Yeah. I appreciate that you brought forth my comment. I've seen that over and over again. Some of us who are in the business of change wander around asking, “Why isn't anybody interested in my fantastic countermeasure?” Your countermeasure might be fantastic, but in some cases, people need to feel like they have a problem.
Nate used to talk a lot about this book. It was called The Little Red Book of Selling that he loved and I have a Xerox copy because he Xeroxed it because he wanted me to read it over and over again. It's about like understanding what the customer's need or problem is. Sometimes when people are interested in our countermeasure, they think about, in some way, pretty much everything that we offer or sell is a countermeasure to something.
We default on trying to tell people how wonderful the countermeasure is. If I'm not experiencing a problem, then I don't care. All of our countermeasures, even if you have your internal team, cost your time, your energy, and your focus. Those are finite resources, particularly, in a healthcare environment and now.
Even if you're going to help as a CI person, that leader, manager, or caregiver has got to invest something. You're much better off understanding the problems they are facing and then when you can attach that countermeasure to a problem they've experienced, that's when it becomes something that's attractive to them.
It's The Little Red Book of Selling: 12.5 Principles of Sales Greatness. That's a good subtitle. It makes me curious, “Why is it 12.5?”
You should read it. Nate would be thrilled.
Gaining acceptance to change is a complex process to help people work through. Going back to what you said about going back to 2012, I could hear the A3 thinking. You described this A3 as a culture of improvement. I appreciate that you started with a description of the current state and then a future state. That gap helps then influence what we work on or how we break down that problem and start making progress.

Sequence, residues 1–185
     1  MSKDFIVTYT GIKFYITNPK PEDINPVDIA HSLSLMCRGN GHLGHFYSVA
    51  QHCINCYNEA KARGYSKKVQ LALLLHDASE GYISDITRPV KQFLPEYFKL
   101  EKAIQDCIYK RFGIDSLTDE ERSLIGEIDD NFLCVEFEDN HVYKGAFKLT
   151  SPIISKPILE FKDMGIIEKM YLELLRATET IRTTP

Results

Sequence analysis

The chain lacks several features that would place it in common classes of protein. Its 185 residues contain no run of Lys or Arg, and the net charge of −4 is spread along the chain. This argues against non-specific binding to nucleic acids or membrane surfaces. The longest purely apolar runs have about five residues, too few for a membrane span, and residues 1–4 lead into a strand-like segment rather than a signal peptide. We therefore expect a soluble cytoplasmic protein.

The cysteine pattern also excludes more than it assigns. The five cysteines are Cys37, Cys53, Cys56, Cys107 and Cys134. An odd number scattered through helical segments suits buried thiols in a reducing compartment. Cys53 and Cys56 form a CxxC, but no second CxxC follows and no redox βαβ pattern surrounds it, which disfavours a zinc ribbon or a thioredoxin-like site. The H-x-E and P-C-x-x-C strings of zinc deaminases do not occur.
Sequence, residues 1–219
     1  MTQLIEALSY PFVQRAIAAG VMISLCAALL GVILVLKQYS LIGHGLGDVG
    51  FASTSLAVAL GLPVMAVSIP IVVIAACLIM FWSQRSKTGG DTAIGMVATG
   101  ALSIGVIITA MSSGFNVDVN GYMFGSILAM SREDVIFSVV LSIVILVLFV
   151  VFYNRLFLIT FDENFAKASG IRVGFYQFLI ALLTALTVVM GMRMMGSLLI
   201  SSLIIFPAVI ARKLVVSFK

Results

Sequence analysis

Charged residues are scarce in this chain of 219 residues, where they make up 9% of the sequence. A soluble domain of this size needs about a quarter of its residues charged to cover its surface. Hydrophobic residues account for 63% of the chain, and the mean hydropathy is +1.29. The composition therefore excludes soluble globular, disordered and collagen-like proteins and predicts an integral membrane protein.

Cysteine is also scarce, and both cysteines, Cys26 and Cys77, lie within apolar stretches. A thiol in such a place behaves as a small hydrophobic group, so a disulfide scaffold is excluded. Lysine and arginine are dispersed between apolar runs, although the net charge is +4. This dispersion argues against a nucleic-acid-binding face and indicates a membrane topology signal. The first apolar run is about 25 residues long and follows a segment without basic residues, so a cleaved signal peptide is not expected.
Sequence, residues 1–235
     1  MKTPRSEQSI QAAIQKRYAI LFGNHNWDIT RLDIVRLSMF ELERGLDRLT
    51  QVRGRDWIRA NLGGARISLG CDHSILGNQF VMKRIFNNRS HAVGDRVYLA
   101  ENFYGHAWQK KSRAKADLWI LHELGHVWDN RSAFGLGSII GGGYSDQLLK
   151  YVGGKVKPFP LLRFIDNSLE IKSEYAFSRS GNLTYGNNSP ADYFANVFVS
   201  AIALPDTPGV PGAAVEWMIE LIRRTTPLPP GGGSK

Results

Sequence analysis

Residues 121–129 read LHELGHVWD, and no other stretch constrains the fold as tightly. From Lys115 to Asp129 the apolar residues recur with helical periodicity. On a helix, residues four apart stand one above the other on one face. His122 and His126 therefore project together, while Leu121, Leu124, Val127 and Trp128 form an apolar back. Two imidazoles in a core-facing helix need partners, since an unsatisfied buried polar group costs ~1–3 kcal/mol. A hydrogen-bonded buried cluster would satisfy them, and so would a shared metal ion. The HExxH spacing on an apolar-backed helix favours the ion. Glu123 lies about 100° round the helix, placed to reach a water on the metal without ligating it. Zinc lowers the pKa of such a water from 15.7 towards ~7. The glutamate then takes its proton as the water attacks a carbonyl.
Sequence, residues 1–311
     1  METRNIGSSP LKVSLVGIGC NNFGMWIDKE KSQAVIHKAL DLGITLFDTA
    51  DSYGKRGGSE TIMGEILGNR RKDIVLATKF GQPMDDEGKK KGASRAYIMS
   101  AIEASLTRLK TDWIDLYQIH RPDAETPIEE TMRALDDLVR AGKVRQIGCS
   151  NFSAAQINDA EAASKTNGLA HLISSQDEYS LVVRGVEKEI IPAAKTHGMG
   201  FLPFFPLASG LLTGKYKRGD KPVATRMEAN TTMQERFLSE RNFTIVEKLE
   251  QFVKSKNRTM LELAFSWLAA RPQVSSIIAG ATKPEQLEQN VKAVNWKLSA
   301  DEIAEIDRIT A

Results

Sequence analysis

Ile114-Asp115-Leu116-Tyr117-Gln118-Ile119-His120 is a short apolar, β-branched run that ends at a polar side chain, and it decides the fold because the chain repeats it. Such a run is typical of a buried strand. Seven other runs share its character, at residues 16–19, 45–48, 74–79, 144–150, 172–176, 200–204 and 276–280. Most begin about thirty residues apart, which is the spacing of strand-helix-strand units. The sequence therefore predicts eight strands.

I hear people all the time, “We'll talk about a future state,” or they'll have a vague goal of, “We need to transform the culture.” I'm like, “From what to what?” They might articulate the future. My question for you, Lisa, is was it painful at all to describe the current state, good, bad, or otherwise to try to get a consensus around what is the current state?
Yes. It was difficult. There were multiple challenges. One of our challenges was a sense that we were doing pretty well. You could arguably point to evidence that the Cleveland Clinic is doing well enough. Why should we build this culture? What does a culture of improvement even mean when you already have a culture of excellence? I don't think many folks would say we have a culture of complacency at the Cleveland Clinic.
We have a culture of excellence. What do I mean by a culture of improvement? How's it different? There are also competing interests in what is the method or the how or what we need to create a culture of improvement. It took me a long time to think through this, but I think it's about the method. If I think about a culture of excellence, I reflect on my own tendencies. I was always somebody who was trying to achieve and make things better. Make myself better, perform better, or whatever but my method was to try hard as an independent agent or as an individual.
I might call on others for help, but oftentimes my play is to try harder. It happens a lot in healthcare. If I'm a nurse or a tech, rather than fix the system to make it work better for everyone all the time, I've figured out my own ways. If you talk to people, a lot of them say, “This is the way I do it because it works a little better. This is the way I do it because it works a little better or I always do this or whatever.” People are exhausted.
What I hear is, “This works for me.” Is that the key criterion now?
If you have nothing else, then what works for you? If you have no other options, if you have no method to figure out what works best or most consistently for everyone, then that's what it ends up being. It's a culture of improvement that's based on developing a method that's going to be better consistently or is going to consistently deliver better outcomes. There was also a component of, “We're not getting better fast enough and we're not going to be able to improve as quickly as we need to.”If you have no method to figure out what works best or most consistently for everyone, that's what it ends up being. You need a culture of improvement to consistently deliver better outcomes. Click To Tweet
Even though we have a strong brand reputation, we perform well in some things. We certainly have very real opportunities in some of our safety, quality, and patient experience metrics. It's highlighting some of those gaps, which some folks are not thrilled or comfortable with somebody running around highlighting with her A3.